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Mervyn Young Lecture Series - Pereira


Learning to Analyze Sequences

Mervyn Young Memorial Lecture Series
on Computing Technology and Society

February 22, 2007
3:30pm - 4:30pm
ECCR 265

Fernando C. N. Pereira
Andrew and Debra Rachleff Professor and Chair
Computer and Information Science
University of Pennsylvania

sponsored by
Department of Computer Science

Sequential data -- speech, text, genomic sequences -- floods our storage servers. Much useful information in these data is carried by implicit structure: phonemes and prosody in speech, syntactic structure in text, genes and regulatory elements in genomic sequences. Over the last six years, several of us have been investigating structured linear models, a unified discriminative learning approach to sequence analysis problems. I will review the approach and illustrate it with applications to parsing, information extraction, and gene finding. I will conclude with a summary of other applications and current research questions.

Fernando Pereira photo

Fernando Pereira was born and raised around Lisbon, Portugal. He started college studying electrical engineering but majored in mathematics. While in college, he worked part-time for an architectural CAD project at LNEC, a government engineering laboratory. After graduating, Pereira stayed at LNEC for two years as a systems programmer and administrator, but also was involved in urban traffic modeling, artificial intelligence and logic programming. In 1977 he took a scholarship from the British Council to study artificial intelligence at the University of Edinburgh. There he worked on natural-language understanding and logic programming, and for a while again in architectural CAD. He was involved in creating the first Prolog compiler (for the PDP-10), and also wrote the first widely-used Prolog interpreter for 32-bit UNIX machines.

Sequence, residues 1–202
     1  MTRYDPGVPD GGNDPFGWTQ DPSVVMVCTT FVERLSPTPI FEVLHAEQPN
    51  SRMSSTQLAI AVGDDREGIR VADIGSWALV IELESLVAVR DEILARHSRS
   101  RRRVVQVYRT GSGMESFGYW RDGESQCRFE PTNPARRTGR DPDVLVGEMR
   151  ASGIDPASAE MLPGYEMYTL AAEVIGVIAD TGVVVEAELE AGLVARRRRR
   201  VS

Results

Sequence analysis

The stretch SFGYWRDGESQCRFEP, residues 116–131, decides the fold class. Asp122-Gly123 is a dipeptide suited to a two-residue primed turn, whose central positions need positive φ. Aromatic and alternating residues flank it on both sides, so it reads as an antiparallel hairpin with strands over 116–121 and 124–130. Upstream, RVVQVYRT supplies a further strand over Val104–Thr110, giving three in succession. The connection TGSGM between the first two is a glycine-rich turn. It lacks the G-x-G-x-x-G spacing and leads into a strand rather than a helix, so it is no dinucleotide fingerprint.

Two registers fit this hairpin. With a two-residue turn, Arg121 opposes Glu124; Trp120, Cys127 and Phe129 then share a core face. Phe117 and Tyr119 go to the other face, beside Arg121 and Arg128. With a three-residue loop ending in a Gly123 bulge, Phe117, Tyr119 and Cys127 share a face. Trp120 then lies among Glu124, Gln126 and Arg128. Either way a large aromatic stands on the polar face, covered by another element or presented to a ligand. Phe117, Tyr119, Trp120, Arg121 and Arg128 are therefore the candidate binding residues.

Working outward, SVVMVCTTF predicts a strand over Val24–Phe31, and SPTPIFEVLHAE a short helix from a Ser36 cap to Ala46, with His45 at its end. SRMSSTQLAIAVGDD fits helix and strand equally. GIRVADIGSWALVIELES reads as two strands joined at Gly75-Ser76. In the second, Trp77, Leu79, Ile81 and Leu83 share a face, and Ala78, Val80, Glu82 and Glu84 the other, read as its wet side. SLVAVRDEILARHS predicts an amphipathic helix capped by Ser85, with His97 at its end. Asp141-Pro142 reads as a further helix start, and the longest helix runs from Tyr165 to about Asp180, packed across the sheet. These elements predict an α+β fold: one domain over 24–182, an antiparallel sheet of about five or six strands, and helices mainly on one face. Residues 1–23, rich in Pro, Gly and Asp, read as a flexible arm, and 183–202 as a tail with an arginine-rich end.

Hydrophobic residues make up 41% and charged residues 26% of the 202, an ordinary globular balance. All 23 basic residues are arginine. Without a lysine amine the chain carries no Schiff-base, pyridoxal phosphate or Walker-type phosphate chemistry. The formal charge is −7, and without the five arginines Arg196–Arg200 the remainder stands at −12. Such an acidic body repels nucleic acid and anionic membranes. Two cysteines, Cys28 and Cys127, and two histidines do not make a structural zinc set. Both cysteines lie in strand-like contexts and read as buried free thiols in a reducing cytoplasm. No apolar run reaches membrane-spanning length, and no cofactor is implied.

Pereira graduated in 1982 and joined the Artificial Intelligence Center of SRI International in Menlo Park, CA, where he worked on logic programming, natural-language understanding and later on speech-understanding systems. During 1987-88, he headed SRI's Cambridge, England, research center. Joining AT&T in the summer of 1989, he worked on speech recognition, speech retrieval, probabilistic language models, and several other topics. From 1994 to 2000, he headed the Machine Learning and Information Retrieval department of AT&T Labs -- Research. Pereira spent the 2000-2001 academic year as a research scientist at WhizBang! Labs, where he developed finite-state models and algorithms for information extraction from the Web. He has been at Penn since 2001.

This talk is based on joint work with Axel Bernal, Koby Crammer, John Lafferty, Andrew McCallum, Ryan McDonald and Fei Sha.

Learning to Analyze Sequences

  1. Learning to Analyze Sequences
  2. Sequences Everywhere
  3. Analyzing Sequences
  4. Analysis Challenges
  5. General Setting
  6. Previous Approaches
  7. Previous Approaches
  8. Structured Linear Models
  9. Learning
  10. Margin
  11. Losses
  12. Online Training
  13. Online maximum margin
  14. Analysis by Tagging
  15. Metrics
  16. Features
  17. Gene/protein results
  18. fable search: autism and genetics
  19. Gene Structure
  20. Gene Prediction
  21. Training Methods
  22. Possible Analyses
  23. Gene Features
  24. (table)
  25. Higher Accuracy Gene Prediction with CRAIG
  26. Learning to Parse
  27. Why Dependencies?
  28. Parse Scoring
  29. Scoring a Parse
  30. Finding the Best Parse
  31. Inference Algorithms
  32. Features
  33. Parsing Multiple Languages
  34. What's Next?

The Mervyn Young Memorial Lecture Series on Computing Technology and Society addresses the relationship between innovation in computing technology and changes in society. Established by a 1952 alumnus of the College's Engineering Physics program, the series is co-sponsored by the Department of Computer Science and the College of Engineering and Applied Science. The speakers are leaders from industry and distinguished academics.

See also:
Department of Computer Science
College of Engineering and Applied Science
University of Colorado Boulder
Boulder, CO 80309-0430 USA
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